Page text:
Canadian actor Colin Fox was chosen to play the dual roles of Jean Paul and Jacques. Fox has gone on to distinguish himself in numerous roles on stage, screen and television, with memorable turns in productions ranging from Shakespeare’s Macbeth to Psi Factor: Chronicles of the Paranormal. Other players in the Maljardin cast include Cosette Lee as Raxl, Kurt Schiegl as the hulking bald mute Quito, Sylvia Feigel as Holly, Dan MacDonald as Rev. Matt Dawson, Jon Granik as Dan, Paisley Maxwell as Elizabeth, Dawn Greenhalgh as Allison and Angela Roland as Vangie. Of particular note among this original cast are Bruce Gray as Tim and Tudi Wiggins as Erica, who went on to appear in a number of further daytime dramas and feature films.
The series' only original cast members to make the jump from Maljardin to Strange Paradise's Desmond Hall episodes were Colin Fox, Cosette Lee, Kurt Schiegl, Sylvia Feigel, and Tudi Wiggins (though only Fox and Lee remained with the cast to the series’ final episode). New performers cast as Desmond Hall regulars include Neil Dainard as Phillip, Pat Moffat as Irene, Jack Creley as Laslo, Peg Dixon and Jan Campbell as Ada, David Wells as Cort, Lucy Warner as Emily Blair, Vivian Reis as Agatha Pruitt, Trudy Young (who played Holly's friend Dinah in the pilot episode) as Susan and Robert Goodier as Julien Desmond.
Reruns and later distribution
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Almost immediately following the production of Strange Paradise's final episode (while the series was still in the final weeks of its original CBC broadcast run), the serial was picked up for syndicated reruns in various markets in the U.S. Thus, it was the first soap opera to be marketed in reruns. Also in 1993, Strange Paradise found new life in the home video market, when Centaur Distribution began issuing the series on videocassette. Eventually, 21 volumes were released on VHS, encompassing the first 105 installments of the series, before the project folded. Since that time, the rights to Strange Paradise have been purchased by a group called Nihali Entertainment but, to date,[when?] no DVD release of the series has been forthcoming. However the show has remained available for broadcast in syndication since its premiere in 1969, most recently[when?] surfacing on Canada’s Drive-In Classics just in time for the series’ 35th anniversary north of the border. It aired on Drive-In Classics from October 4, 2004 to October 1, 2007.
Influences on other projects
Strange Paradise has had at least a small life outside of its 195 serialized episodes. Between December 1969 and August 1970, publisher Paperback Library issued three TV tie-in novels authored by Gothic romance writer Dorothy Daniels: Strange Paradise; Island of Evil and Raxl, Voodoo Priestess.
Between 1974 and 1980, Ian Martin contributed numerous scripts to Himan Brown’s CBS Radio Mystery Theater, and many of those radio plays contained elements recognizably taken directly from his earlier writings on Strange Paradise. Chief among these efforts were his August 7, 1975, script To Die Is Forever (which is a virtual re-telling of the Maljardin story), Here Goes the Bride (February 4, 1974) and The Spectral Bride (September 26, 1974). Around 1979, Martin began adapting some of his CBS Radio Mystery Theater scripts to novel form for publisher Popular Library, and one of the scripts chosen for this treatment was Here Goes the Bride. The novel saw publication in 1980 under the title Shadow over Seventh Heaven, credited to Martin's pseudonym Joen Arliss. During the adaptation process he excised many of the elements which linked his original script with Strange Paradise; however, his earlier Joen Arliss novel Nightmare's Nest does display a few of Martin's Strange Paradise influences.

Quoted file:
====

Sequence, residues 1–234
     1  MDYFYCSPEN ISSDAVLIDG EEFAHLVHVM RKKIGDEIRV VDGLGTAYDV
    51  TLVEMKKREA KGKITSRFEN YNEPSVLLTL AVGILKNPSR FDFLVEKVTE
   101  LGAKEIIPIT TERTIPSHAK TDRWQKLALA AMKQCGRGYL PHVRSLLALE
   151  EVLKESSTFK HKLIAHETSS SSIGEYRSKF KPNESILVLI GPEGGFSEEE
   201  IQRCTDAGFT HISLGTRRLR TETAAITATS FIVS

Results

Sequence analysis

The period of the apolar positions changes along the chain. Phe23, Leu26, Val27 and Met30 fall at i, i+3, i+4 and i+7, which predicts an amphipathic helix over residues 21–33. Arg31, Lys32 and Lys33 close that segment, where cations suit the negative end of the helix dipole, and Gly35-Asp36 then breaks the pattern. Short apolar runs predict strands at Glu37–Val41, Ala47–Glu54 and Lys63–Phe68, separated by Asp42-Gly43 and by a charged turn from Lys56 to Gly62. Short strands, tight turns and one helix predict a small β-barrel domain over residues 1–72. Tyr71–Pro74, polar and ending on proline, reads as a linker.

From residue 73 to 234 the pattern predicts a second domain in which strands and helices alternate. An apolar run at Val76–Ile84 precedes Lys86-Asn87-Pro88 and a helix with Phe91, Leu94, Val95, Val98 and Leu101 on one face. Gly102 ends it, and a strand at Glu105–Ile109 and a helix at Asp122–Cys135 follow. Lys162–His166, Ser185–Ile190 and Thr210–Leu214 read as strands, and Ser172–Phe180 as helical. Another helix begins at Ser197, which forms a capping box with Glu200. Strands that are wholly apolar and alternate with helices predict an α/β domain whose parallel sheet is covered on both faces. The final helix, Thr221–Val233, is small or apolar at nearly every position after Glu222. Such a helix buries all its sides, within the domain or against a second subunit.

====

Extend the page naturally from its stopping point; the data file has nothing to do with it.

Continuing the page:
The birth of the Internet has given rise to new outlets of influence for Strange Paradise. Online, a Yahoo Group has been founded, enabling fans of the series to share thoughts and messages. Likewise, individual fans have established websites to document the series and promote its fandom.
An early working title for the production was The Garden of Evil (a reference to the English translation of Maljardin, the name of the island upon which the series is set).
Strange Paradise was marketed to potential broadcasters via the pilot episode shot in May 1969 and an accompanying pitch reel of related scenes, referred to by Krantz Films’ staff as "the Vignettes". A few actors and characters were dropped or altered after the filming of these initial promotional pieces. Actor Paul Harding, who played the role of Dan Forrest in the pilot, declined to continue with the series and was replaced by Jon Granik. Likewise, the part of Jacques Eloi des Mondes’ wife Huaco was originated by actress Patricia Collins, but she did not join the series’ regular cast. Perhaps most significantly, actress Nonnie Griffin portrayed the pilot's Beryl Forbes, a character slated to be the Conjure Woman (a role important to the series). However, Griffin declined to participate in the continuing series, and her character was dropped entirely. Instead, the role of the Conjure Woman fell to Vangie Abbott, as portrayed by actress Angela Roland.
Between October 2001 and January 2002, the Nepean Museum near Ottawa, presented an exhibit celebrating the history of CJOH-TV. Among the items displayed were props and costumes from Strange Paradise, including cast photos, set designs, shooting scripts and the original conjure doll.
- "'Paradise' Heads For Overhaul As N.Y, L.A. Drop It". Variety. October 8, 1969.